(cough cough, clearing throat, climbing up on soap box)
I fully endorse starting turns with movement of the front foot. I also advise my students that they "go where they look". To the extent that Danny's advise leads to that this is good. Dropping the shoulder could lead to shifting to toe side on the front foot. Raising the shoulder could lead to shifting to heel side on the front foot. Both moves could be used as cues to initiate lower body rotational movements (e.g. knee rotation).
I'm not a big fan of starting turns via shoulder movement. I tell my students we turn with our feet not with our shoulders. I prefer to see the shoulders lined up with either the board or the stance angles. To the extent that Danny's advice develops a habit of turning the shoulders as a the primary means for starting a turn, one could easily end up exactly as described.
On groomed snow, I'm constantly trying to get my students to move weight forward to achieve a centered stance (note that I often demonstrate an exaggerated forward stance to achieve this). Movements of the front foot are less effective when there is less weight on them. In powder (to the extent that it is deep), we shift weight back (relative to groomed snow riding) to keep the nose of the board up and use our back foot more as a rudder. Trying to steer only with the front foot in powder is (ahem) difficult.
There are two basic approaches to controlling speed: skidding and using turn shape. Throwing your board around is skidding. It's effective but it is not very efficient. Inefficient movements tend to become ineffective when the level of difficulty is raised (e.g. steepness, powder depth). If you can let your board turn you (vs you throwing your board around), you can control speed by controlling where your turn ends (finishing going uphill if need be)..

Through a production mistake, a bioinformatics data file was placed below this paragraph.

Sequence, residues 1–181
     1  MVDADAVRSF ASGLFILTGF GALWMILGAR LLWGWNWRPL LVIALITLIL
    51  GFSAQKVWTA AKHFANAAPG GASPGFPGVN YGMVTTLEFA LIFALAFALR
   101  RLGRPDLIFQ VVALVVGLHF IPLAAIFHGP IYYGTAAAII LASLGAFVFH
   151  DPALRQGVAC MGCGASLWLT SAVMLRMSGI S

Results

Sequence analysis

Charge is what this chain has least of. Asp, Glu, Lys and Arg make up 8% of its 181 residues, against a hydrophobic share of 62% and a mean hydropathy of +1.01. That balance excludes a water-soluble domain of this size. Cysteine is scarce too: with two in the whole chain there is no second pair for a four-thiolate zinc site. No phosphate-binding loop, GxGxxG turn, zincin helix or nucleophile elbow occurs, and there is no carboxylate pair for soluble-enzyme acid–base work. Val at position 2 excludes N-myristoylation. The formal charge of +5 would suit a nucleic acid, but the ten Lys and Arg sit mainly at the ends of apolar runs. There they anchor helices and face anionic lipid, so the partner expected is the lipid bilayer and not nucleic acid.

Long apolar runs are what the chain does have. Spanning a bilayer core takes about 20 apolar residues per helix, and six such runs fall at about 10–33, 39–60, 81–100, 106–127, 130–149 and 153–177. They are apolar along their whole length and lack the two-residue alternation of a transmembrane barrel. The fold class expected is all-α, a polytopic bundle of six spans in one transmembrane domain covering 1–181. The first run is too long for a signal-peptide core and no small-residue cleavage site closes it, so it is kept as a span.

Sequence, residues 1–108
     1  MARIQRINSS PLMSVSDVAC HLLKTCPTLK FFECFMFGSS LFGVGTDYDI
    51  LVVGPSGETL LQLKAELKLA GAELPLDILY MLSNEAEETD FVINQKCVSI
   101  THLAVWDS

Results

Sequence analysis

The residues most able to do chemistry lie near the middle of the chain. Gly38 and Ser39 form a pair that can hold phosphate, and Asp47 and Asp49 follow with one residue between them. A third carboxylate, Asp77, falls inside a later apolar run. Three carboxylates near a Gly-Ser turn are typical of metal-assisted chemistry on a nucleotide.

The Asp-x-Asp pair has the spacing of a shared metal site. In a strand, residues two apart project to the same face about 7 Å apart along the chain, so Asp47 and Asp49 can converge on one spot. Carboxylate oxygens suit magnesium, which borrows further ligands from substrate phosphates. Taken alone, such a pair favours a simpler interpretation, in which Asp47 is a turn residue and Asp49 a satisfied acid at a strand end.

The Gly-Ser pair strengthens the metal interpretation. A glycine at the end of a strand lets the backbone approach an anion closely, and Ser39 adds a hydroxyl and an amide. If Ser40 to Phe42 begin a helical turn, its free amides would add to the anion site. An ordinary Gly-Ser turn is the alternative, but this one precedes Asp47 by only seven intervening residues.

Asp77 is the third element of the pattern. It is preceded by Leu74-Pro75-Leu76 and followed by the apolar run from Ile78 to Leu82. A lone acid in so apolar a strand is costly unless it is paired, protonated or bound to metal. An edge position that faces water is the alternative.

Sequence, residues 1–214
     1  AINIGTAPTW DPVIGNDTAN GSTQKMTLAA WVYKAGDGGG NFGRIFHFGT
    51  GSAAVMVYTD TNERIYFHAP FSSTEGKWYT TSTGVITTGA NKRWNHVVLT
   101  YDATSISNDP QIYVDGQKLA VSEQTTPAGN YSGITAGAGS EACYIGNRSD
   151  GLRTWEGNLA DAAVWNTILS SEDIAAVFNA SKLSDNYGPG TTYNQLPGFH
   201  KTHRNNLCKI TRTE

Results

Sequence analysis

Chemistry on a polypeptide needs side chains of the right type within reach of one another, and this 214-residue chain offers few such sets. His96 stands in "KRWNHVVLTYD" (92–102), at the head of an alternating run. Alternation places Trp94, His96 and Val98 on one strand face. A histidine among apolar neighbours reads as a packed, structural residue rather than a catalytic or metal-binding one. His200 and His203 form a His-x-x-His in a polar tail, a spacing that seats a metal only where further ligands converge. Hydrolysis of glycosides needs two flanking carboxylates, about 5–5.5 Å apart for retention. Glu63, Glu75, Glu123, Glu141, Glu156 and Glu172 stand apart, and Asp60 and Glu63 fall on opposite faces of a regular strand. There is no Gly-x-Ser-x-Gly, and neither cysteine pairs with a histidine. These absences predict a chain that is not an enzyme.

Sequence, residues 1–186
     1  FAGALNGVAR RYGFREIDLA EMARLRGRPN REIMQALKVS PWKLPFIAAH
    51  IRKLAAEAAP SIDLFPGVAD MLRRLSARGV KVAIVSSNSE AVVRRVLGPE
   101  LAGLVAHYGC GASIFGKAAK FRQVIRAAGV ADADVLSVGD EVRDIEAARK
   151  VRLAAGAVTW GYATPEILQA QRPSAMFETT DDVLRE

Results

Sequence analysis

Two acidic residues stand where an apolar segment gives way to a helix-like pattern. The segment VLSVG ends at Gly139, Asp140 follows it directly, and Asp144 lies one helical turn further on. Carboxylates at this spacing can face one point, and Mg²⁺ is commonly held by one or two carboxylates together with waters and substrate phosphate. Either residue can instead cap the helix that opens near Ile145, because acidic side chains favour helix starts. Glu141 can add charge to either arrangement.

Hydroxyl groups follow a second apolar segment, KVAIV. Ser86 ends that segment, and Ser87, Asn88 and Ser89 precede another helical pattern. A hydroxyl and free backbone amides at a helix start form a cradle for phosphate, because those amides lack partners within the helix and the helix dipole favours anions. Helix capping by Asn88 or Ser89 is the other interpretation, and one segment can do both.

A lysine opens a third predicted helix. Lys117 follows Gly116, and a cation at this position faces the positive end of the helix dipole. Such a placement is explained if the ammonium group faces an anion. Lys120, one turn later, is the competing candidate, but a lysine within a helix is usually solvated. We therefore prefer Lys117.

When I teach riding, I teach my students 4 ways one can make a snowboard turn. Here's the simple version:
-Pressure - whichever foot has the most weight is the one that wants to be going downhill more
-Rotary - you can rotate or scissor your feet and the direction a flat board is pointed will change
-Edging - putting the board on toe or heel edge will cause the board to start turning as it follows the shape of the sidecut
-Twist - starting edging movements with the front foot first will cause the board to start turning (this movement twists the board)
Those 4 elements can be caused by either bending/unbending body movements or turning body movements. When you have learned which body movements are required to achieve a specific element, you are on the road to becoming a successful rider. For example, to get off a lift without falling you can put the board flat on the snow, stand up, straighten the back leg and bend the front leg. This will load all your weight onto the front foot and enable you to ride straight down the off ramp. Another example is using an arched back to aide toe side edging. When you can blend any amount of all 4 elements into a single turn, you will have all you need to ride anywhere on the mountain under any conditions, with one small exception (dynamic turns - as noted above). In my experience, if you learn to ride this way then you will fall a lot less.